Created by Niklas Roy, “Perpetual Energy Wasting Machine” is a rope and pulley mechanism, installed in the staircase of the WRO Art Center in Wroclaw, Poland. The mechanism connects the sliding doors of the elevator in one floor with the elevator call button on another floor. Operating in two directions on the first and on the second floor, the contraption automatically moves the elevator cabin in an infinite loop between those two levels.
Inspired by what Niklas learned at school that energy cannot be wasted – it can only change its location within a system, the projects attempts to address what happens to the energy in this elevator system? Where does it go? The setup is powered by the sliding doors of the elevator. The pulley blocks reduce the sliding door distance of 50 cm to a traveling distance of 12.5 cm for the push button mechanism, while also connecting first and second floor of the building.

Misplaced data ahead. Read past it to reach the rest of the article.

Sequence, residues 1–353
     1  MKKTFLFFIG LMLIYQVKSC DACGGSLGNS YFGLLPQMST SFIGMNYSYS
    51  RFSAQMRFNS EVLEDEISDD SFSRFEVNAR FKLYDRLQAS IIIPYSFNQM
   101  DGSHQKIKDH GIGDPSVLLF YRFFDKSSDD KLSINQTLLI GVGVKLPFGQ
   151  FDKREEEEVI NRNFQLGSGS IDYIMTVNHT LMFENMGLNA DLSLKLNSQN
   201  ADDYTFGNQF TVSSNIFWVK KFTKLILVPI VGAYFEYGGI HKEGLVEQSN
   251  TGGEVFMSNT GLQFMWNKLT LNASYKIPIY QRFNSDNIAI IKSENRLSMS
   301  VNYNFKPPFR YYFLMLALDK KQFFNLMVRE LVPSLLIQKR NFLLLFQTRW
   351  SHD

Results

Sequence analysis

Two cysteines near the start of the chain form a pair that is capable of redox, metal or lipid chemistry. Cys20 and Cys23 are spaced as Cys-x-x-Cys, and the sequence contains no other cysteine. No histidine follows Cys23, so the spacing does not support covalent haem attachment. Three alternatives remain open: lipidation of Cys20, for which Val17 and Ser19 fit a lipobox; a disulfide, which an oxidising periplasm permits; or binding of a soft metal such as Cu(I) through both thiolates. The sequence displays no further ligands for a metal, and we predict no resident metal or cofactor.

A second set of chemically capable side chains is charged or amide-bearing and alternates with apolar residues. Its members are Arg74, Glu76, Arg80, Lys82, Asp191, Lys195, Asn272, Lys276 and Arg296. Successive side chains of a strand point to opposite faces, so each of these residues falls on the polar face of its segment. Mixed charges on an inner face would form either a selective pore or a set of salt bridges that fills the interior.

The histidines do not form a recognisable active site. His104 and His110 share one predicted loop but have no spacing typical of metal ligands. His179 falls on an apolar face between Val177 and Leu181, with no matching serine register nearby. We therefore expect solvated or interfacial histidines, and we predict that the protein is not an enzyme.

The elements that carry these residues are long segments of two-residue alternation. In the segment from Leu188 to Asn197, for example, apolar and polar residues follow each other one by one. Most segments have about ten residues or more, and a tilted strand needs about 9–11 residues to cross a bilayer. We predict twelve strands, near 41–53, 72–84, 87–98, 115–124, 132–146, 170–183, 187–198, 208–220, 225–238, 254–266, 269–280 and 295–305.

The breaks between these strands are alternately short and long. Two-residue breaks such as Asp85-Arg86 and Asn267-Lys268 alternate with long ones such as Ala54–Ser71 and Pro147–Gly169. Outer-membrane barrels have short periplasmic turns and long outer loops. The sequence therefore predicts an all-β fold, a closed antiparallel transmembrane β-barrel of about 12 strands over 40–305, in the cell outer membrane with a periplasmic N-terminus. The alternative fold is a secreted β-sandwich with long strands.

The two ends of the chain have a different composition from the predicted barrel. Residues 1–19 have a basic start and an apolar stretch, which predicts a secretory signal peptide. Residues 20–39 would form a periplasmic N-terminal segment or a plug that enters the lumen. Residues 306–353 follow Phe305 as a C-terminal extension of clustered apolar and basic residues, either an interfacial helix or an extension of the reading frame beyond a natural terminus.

The “Perpetual Energy Wasting Machine” moves the elevator in recurring cycles. In the first half cycle, the elevator is lifted up one floor, while the latter half cycle brings the elevator down to its original position again. As this is an hydraulic elevator, and as the cabin´s mass is not equalized by a counterweight, only the movement up consumes electricity. Estimating that the empty elevator cabin has a mass of 350 Kilograms, the wasted energy is about 11.8 Kilojoules per cycle (which equals to the metabolic energy of ca. 1/3 grams of fat, according to Wolfram Alpha ). A modified printing calculator inside the elevator cabin keeps track of the wasted energy, automatically adding up 5.9 Kilojoules for each half cycle. The results of this symbolic calculation – which does neither regard energy loss by friction, nor a heavier cabin due to possible passengers – go straight to a waste bin, located beneath the printing calculator.